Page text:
A little way further on he met a group of people. They were cowering in terror before a large watermelon which had grown in a field. "We have never seen one of these monsters before," they told him, "and it will certainly grow even larger and will kill us all. But we are afraid to touch it."

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The Role of Watermelon in Deep Knowledge:
a Sufi teaching story by Murad Shami (d. 1719)

(entitled "What Befell the Three," and quoted by Idries Shah in Tales of the Dervishes--who notes that it is believed to have an interior message far more important in a practical way than the superficial meaning)

Once upon a time there were three dervishes. they were called Yak, Do, and Se. They came from the North, the West, and the South, respectively. They had one thing in common: they were looking for the Deep Truth, and they sought a Way.

The first, Yak-Baba, sat down and contemplated until his head was sore. The second, Do-Agha, stood on his head until his feet ached. The third, Se-Kalandar, read books until his nose bled.

Finally they decided upon a common effort. They went into retirement and carried out their exercises in unison, hoping by that means to summon enough effort to produce the appearance of Truth, which they called Deep Truth.

For forty days and forty nights they persevered. At last in a whirl of white smoke the head of a very old man appeared, as if from the ground, in front of them. "Are you the mysterious Khidr, guide of men?" asked the first. "No, hie is the Qutub, the Pillar of the Universe," said the second. "I am convinced that this is none other than one of the Abdals, The Changed Ones," said the third.

"I am none of these," roared the apparition, "but I am that which you may think me to be. Now you all want the same thing, which you call the Deep Truth?"

"Yes, O master," they chorused.

"Have you never heard the saying that there are 'as many Ways as there are hearts of men'?" asked the head. "In any case, here are your ways:

"The First Dervish will travel through the country of Fools; the Second Dervish will have to find the Magic Mirror; the Third Dervish will have to call in the aid of the Jinn of the Whirlpool." So saying, he disappeared.

There was some discussion about this, not only because the dervishes wanted more information before setting out, but also because although they had all practiced different ways, each yet believed that there was only one way--his own, of course. Now none was certain that his own way was useful enough even though it had been partly responsible for summoning the apparition which they had just seen, and whose very name was unknown to them.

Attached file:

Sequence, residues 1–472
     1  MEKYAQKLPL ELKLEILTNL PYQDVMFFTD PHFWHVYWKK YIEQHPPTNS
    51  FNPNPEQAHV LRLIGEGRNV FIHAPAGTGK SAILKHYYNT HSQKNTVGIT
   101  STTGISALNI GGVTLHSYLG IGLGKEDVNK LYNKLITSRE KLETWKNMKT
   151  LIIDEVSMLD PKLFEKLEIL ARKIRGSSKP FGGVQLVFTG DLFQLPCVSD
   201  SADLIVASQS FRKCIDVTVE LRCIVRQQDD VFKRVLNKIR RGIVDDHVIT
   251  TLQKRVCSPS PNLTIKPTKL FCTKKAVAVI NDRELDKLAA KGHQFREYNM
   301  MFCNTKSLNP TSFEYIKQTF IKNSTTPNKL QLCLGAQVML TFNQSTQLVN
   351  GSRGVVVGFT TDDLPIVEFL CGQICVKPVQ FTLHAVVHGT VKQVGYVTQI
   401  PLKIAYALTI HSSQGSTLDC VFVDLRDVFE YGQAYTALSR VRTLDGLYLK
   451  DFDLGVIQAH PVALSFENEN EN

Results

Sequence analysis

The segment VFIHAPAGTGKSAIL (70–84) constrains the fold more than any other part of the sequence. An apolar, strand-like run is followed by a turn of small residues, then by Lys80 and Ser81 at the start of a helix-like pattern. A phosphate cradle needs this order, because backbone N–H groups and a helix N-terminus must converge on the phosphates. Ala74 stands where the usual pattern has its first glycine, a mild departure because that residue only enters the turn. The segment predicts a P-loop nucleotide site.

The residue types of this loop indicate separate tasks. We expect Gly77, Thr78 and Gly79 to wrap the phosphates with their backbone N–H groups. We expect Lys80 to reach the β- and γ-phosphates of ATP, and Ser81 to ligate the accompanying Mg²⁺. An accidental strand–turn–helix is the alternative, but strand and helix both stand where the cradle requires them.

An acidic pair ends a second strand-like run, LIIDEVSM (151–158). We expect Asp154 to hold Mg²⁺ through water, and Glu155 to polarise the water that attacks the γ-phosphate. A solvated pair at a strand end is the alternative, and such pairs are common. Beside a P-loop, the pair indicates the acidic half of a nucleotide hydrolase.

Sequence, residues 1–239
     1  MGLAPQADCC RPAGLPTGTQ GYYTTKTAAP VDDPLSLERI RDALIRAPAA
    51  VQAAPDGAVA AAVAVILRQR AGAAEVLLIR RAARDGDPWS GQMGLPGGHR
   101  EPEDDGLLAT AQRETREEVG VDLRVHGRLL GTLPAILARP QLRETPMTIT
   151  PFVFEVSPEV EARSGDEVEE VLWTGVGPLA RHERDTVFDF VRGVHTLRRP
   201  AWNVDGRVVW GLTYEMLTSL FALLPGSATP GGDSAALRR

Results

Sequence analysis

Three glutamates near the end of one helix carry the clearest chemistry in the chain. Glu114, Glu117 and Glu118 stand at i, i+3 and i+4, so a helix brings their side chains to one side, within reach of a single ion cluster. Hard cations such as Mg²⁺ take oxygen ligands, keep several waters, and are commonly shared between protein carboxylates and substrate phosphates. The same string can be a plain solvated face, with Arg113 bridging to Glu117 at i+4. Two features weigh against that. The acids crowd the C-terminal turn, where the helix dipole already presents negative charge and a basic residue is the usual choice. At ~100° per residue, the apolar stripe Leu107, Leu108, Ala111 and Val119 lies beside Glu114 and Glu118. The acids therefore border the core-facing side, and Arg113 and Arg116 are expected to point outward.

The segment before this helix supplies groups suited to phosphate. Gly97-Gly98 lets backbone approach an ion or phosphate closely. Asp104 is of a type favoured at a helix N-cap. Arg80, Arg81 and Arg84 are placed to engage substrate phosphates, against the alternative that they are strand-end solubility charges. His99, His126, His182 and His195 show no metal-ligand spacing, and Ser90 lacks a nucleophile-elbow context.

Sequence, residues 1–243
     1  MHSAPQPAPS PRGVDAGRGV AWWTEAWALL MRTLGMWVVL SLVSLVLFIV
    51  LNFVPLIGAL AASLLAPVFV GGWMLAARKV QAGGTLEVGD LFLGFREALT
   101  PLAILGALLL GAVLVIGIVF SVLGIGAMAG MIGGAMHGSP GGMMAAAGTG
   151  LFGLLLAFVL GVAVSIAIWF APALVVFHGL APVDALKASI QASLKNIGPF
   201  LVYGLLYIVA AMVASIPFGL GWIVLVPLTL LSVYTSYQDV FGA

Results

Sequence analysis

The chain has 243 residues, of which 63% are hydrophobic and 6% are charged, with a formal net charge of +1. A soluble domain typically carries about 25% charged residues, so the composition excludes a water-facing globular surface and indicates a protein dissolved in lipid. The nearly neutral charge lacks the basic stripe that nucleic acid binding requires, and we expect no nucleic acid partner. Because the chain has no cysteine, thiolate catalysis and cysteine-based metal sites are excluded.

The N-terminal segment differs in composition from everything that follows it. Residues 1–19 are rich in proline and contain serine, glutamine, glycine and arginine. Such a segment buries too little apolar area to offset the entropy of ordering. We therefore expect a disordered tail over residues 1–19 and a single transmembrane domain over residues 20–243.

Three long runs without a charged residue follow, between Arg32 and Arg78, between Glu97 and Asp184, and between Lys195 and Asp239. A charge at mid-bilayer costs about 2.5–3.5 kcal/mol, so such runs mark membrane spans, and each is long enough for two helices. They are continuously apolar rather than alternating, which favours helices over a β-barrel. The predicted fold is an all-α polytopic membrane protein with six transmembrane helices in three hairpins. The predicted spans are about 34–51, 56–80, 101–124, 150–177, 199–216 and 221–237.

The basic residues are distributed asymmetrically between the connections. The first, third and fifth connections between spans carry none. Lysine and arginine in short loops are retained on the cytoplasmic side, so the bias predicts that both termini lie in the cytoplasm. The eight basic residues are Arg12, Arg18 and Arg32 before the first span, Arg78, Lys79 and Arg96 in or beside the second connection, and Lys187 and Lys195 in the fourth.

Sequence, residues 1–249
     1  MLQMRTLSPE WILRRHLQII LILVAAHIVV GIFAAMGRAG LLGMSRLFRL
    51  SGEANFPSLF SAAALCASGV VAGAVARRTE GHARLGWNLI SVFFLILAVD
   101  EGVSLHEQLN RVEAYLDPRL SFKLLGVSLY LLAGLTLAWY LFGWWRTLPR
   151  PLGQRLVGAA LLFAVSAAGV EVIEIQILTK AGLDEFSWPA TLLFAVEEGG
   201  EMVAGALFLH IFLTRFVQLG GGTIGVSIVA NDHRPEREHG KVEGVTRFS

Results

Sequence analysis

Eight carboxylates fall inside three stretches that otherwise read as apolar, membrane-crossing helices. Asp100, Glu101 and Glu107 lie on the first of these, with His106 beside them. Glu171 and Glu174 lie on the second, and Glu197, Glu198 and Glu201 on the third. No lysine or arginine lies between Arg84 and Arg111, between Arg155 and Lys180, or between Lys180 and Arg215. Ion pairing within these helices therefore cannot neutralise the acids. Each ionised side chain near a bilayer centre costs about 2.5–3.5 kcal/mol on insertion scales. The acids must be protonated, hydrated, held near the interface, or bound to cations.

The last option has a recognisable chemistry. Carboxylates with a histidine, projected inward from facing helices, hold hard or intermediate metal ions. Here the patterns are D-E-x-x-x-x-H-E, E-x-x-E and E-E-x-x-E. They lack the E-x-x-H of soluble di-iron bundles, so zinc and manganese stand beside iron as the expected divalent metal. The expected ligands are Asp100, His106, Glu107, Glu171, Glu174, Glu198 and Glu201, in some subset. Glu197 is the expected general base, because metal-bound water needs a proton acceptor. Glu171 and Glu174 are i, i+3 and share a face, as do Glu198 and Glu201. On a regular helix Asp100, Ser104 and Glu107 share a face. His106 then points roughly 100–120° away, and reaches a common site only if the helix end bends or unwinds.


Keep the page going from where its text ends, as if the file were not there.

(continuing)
Yak-Baba left the cell first, and instead of asking everyone, as had been his custom, where a learned man might live in the neighborhood, he asked whoever he met if they knew the Country of Fools. At last, after many months, someone did know, and he set off there. As soon as he entered the country he saw a woman carrying a door on her back. "Woman," he asked, "why are you doing that?"

"Because this morning before my husband left for his work he said, 'Wife, there are valuables in the house. Let nobody pass this door." When I went out I took the door with me, so that nobody could pass it. Now please let me pass you.

Do you want me to tell you something which will make it unnecessary to carry that door about with you?" asked Dervish Yak-Baba. "Certainly not," she said. "The only thing that would help would be if you could tell me how to lighten the actual weight of the door."

"That I cannot do," said the Dervish. And so they parted.

A little way further on he met a group of people. They were cowering in terror before a large watermelon which had grown in a field. "We have never seen one of these monsters before," they told him, "and it will certainly grow even larger and will kill us all. But we are afraid to touch it."

"Would you like me to tell you something about it?" he asked them.

"Don't be a foot!" they replied. "Kill it and you will be rewarded, but we don't want to know anything about it." So the dervish took out a knife, advanced upon the melon and cut a slice, which he started to eat.